JAMES Franco is being told 'Time's Up' by five women who have accused him of sexual misconduct in a bombshell report from the Los Angeles Times, four of whom were his students.
"I feel there was an abuse of power, and there was a culture of exploiting non-celebrity women, and a culture of women being replaceable," said Sarah Tither-Kaplan, who also tweeted her allegations against Franco, 39, on Sunday during the Golden Globes.
The New York Post reports that Tither-Kaplan, 26, claimed that while filming an orgy scene for a project for Franco's Studio 4 film school three years ago, Franco removed protective plastic guards covering the actresses' vaginas.
In the scene, Franco simulated oral sex on the women. Another actress confirmed this account in the report.
The Times reported two other women on the shoot recalled negative experiences and that Franco allegedly got angry when actresses refused to go topless in scenes.
Tither-Kaplan alleged that Franco asked her to play a prostitute in the film The Long Home, which starred Courtney Love, Josh Hutcherson and Timothy Hutton.
The part required her to perform nude, and Tither-Kaplan signed nudity agreements for her scenes, but claimed that she became increasingly uncomfortable after the plastic guards were allegedly removed during the orgy scenes, leading her to regret performing in the film at all.
She also claimed that one actress who declined to appear topless in a scene was sent home, noting, "I got it in my head pretty quickly that, OK, you don't say 'no' to this guy."
Franco's lawyers, Michael Plonsker, said, "The allegations about the protective guards are not accurate."
Mr Plonsker also provided a statement from The Long Home casting director Cynthia Huffman, in which she claimed she did not receive any complaints during filming and that she "personally checked on all the actresses constantly to make sure they were OK and comfortable."
"James is all about giving up-and-comers, actors and actresses and young filmmakers a break in this business," Ms Huffman said in the statement. "I feel horrible that anyone was made to feel uncomfortable but we went to great lengths to make sure all the actresses in the nude scenes felt comfortable and safe."
Studio 4 closed in fall 2014; a dozen former students told the Times they'd had positive experiences at the school.
Tither-Kaplan did note that Franco apologised to her in late 2017 following the avalanche of allegations of sexual misconduct that plagued Harvey Weinstein.
"I want to give him credit for at least being open to communicating with me," she said. "I felt that he was still not really taking accountability for the environment on the sets."
Hilary Dusome took one of Franco's classes in 2012 at the Playhouse West in North Hollywood.
She accused Franco of asking her to go topless in a scene for a commercial.
"I felt like I was selected for something based on my hard work and my merit, and when I realised it was because I have nice [breasts], it was pretty clear that was not the case," Dusome, 33, lamented. "I don't think he started teaching with bad intentions, but he went down a bad path and damaged a lot of people in the process."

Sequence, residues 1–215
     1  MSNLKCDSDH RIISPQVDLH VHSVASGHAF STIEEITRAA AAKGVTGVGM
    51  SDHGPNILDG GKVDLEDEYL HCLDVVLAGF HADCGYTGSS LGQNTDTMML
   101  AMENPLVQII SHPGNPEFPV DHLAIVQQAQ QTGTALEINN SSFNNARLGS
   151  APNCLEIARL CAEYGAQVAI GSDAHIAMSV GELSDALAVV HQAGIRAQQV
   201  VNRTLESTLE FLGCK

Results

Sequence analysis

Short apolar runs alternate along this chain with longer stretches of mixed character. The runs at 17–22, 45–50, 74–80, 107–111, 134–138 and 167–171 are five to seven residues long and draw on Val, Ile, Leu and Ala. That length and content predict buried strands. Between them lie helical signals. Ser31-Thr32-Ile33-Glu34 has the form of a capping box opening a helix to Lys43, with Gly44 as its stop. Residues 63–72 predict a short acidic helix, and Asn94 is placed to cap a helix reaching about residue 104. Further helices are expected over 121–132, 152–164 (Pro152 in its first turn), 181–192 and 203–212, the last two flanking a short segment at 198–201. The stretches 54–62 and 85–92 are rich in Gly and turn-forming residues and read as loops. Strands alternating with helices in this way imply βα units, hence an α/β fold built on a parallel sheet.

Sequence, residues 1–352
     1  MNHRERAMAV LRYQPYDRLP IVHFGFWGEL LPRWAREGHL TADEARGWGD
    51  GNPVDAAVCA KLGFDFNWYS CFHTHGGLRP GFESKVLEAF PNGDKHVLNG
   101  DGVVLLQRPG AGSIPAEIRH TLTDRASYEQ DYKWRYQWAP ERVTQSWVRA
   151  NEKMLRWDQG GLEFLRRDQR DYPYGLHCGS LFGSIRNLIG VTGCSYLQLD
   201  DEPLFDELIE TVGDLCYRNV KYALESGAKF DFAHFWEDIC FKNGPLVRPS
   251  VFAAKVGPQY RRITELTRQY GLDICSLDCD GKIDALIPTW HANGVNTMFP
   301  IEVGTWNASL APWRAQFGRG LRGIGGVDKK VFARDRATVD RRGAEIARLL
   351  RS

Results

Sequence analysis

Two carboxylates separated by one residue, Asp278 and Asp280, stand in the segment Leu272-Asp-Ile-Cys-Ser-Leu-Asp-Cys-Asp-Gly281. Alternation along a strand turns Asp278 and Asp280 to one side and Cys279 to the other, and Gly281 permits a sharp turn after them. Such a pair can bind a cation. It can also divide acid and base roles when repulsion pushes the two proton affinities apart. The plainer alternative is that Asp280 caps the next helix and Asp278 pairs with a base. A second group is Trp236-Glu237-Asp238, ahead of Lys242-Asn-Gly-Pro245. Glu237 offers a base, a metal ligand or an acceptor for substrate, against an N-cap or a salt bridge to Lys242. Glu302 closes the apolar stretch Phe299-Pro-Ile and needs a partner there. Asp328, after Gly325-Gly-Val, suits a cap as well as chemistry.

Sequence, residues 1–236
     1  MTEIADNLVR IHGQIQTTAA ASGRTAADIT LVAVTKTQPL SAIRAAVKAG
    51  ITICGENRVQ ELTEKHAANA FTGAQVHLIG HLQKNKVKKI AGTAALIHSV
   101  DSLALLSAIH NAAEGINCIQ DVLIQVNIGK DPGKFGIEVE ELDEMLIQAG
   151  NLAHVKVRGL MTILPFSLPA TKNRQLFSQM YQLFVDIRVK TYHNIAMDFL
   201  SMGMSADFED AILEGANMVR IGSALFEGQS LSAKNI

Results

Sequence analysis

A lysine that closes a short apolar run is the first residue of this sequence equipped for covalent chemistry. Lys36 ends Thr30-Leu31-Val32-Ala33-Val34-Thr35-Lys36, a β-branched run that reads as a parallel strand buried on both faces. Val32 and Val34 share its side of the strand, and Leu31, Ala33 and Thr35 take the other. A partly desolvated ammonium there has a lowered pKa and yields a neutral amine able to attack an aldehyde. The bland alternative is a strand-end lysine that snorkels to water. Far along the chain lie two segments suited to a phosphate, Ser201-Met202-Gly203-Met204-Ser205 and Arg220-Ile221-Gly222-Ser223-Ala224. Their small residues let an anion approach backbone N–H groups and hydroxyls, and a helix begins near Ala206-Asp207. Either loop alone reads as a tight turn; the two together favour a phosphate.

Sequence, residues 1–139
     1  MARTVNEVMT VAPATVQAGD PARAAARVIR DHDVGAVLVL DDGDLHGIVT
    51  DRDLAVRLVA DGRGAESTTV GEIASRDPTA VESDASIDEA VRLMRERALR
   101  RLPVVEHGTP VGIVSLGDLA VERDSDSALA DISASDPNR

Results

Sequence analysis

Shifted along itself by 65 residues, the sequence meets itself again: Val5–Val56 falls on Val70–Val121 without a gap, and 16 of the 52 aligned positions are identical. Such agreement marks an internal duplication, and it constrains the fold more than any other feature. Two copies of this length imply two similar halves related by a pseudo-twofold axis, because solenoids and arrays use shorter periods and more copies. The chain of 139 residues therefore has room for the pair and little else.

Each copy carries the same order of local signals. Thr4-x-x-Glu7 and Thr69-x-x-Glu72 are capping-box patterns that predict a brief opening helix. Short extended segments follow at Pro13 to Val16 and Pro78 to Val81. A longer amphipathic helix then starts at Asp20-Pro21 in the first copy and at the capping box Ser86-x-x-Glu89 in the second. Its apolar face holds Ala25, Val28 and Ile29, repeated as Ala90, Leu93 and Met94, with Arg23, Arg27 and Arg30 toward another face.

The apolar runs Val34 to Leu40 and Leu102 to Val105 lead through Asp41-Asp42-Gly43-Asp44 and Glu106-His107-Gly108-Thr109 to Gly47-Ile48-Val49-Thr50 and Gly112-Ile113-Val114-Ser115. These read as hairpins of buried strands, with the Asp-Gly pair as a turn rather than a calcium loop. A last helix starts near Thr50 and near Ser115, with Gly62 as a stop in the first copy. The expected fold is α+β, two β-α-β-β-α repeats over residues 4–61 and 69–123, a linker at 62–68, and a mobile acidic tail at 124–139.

Katie Ryan, another of Franco's former students, alleged that the actor "would always make everybody think there were possible roles on the table if we were to perform sexual acts or take off our shirts."
Another accuser, actress Violet Paley, was in a romantic relationship with Franco. She accused The Disaster Artist star of pressuring her to perform oral sex on him in a car.
"I was talking to him, all of a sudden his penis was out," she told the Times. "I got really nervous, and I said, 'Can we do this later?' He was kind of nudging my head down, and I just didn't want him to hate me, so I did it." She began to perform the act but quickly told Franco she saw someone near the car in order to end the situation without a conflict.
"The power dynamic was way off," she recalled.
Paley claimed that she emailed Franco following the Weinstein reports and that he apologised to her in a phone call, telling her, "I'm a changed man."
Franco's lawyer denied Paley's allegations, claiming they were "not accurate."
Franco has addressed the accusations on the late-night circuit.
On Wednesday, he told Seth Meyers the allegations against him, including actress Ally Sheedy's vague tweets, befuddled him, but that he refused to silence his accusers.
"There are people that need to be heard. I have my own side of this story, but I believe in these people that have been under-represented getting their stories out enough that I will hold back things that I could say, just because I believe in it that much," he said. "So if I have to take a knock because I'm not going to try and actively refute things, then I will, because I believe in it that much."
On Tuesday, Franco told Stephen Colbert that the flurry of allegations on Twitter was "not accurate," adding, "In my life, I pride myself in taking responsibility for things I've done. I have to do that to maintain my wellbeing. I do it whenever something needs to be changed … If I have done something wrong, I will fix it - I have to. That's how that works. I don't know what else to do."
This article originally appeared in the New York Post and is republished here with permission